Adult literacy and Shakespeare

I really enjoyed All Is True, Kenneth Branagh’s new film about the aging Shakespeare. It’s visually stunning and well-performed, and explores a range of contemporary concerns with age, gender, status, creativity, loss, and love, but does so without losing sight of seventeenth century values and hierarchies.

Rather to my surprise, the film also touches on adult literacy. Partly this is one of the film-makers’ ways of emphasising the subordinate position of women, as exemplified by his daughter Susanna’s frustrated ambition to become a poet. And partly it allows the film-makers to reveal something of the relationship between William Shakespeare and Anne Hathaway, played by Branagh and Judi Dench.

Women in the early seventeenth century were rarely schooled, and the film makes much of the fact that Anne – married to the celebrated poet and playwright – is illiterate. Both Susanna and her mother point out that their society expected women to bear children, not read and write. Then towards the end of the film, as Shakespeare falls ill, Anne offers to him her signature as a gift. Her daughters, it transpired, have taught her to write and read.

As with do much Anne and William’s relationship, there is very little evidence to go on, leaving us free to speculate. It’s pretty unlikely that Anne was literate, but we cannot be sure. But the absence of evidence affords the film an opportunity to explore Anne’s personality while reminding us of 17th century views of women’s value. Literacy, Freire reminds us, is power.

Film and the public historian – what does a historical adviser actually do?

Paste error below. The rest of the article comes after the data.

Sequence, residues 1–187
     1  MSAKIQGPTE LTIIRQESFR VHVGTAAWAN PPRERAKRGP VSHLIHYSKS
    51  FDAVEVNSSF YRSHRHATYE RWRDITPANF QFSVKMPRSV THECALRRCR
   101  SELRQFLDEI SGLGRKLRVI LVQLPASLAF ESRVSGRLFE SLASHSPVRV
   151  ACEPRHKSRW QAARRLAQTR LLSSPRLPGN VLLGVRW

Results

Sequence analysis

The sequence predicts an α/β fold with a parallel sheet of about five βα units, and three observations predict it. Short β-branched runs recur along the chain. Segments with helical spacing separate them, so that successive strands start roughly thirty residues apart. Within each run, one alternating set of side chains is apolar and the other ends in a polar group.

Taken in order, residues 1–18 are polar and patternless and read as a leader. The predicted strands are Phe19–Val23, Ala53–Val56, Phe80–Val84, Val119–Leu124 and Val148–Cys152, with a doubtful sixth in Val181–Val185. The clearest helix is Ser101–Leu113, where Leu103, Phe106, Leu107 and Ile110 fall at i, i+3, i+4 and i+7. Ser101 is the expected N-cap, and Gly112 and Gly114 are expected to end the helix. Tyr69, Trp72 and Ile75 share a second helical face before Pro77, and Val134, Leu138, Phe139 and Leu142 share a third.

I’ve just been listening to Dan Snow’s interview with Jacqueline Riding, author of a magnificent history of the Jacobites who now has a new book out on Peterloo. I’m an admirer of her work, which includes her roles of historical adviser to two much-loved Mike Leigh movies, Turner and Peterloo.

The red plaque on Manchester Free Trade Hall was itself the subject of controversy after it replaced a blue plaque that ignored the dead and injured.

Most of the interview covers the background to the 1819 massacre, but Snow also asked her what she actually did on the films (she has also blogged on this topic). As well as generally advising on what we can understand from the available evidence, she rummaged through the archives to provide accounts of who was in the audience that day and what preceded the public meeting, dug up copies of speeches, provided a timeline, read and commented on the ‘script’ (something more like notes in Leigh’s case) as it emerged, advised on casting, worked with the actors, and answered questions from the costume, props and scenery departments.

Snow also wanted to know whether there are moments in the film that, as historian, she found inaccurate or misleading. Riding carefully dodged a direct answer, pointing out that her book is where she had put the historical work, for those who wanted to know more. I’ve yet to get my hands on a copy, but I enjoyed and was impressed by the Jacobites book, and look forward to the new study.

Meanwhile, what struck me was that the historical adviser really has to put in the hours. Riding is a trained historian who is skilled at identifying and evaluating source material, and an eloquent presenter of her findings, but there must be plenty of others with those skills. Rather few also have the skill set needed for working with filmmakers, as well as the requisite public profile, the flexible time (Riding has been an independent scholar since leaving her role as director of the Handel House Museum), and of course a very good agent.

What I particularly admore is her capacity for combining high level scholarship with the ability to reach out to a broad audience. In our times, we need more scholars like her, though I hope that they will include plenty who continue to work in universities, museums, libraries and other bodies with multiple educational functions.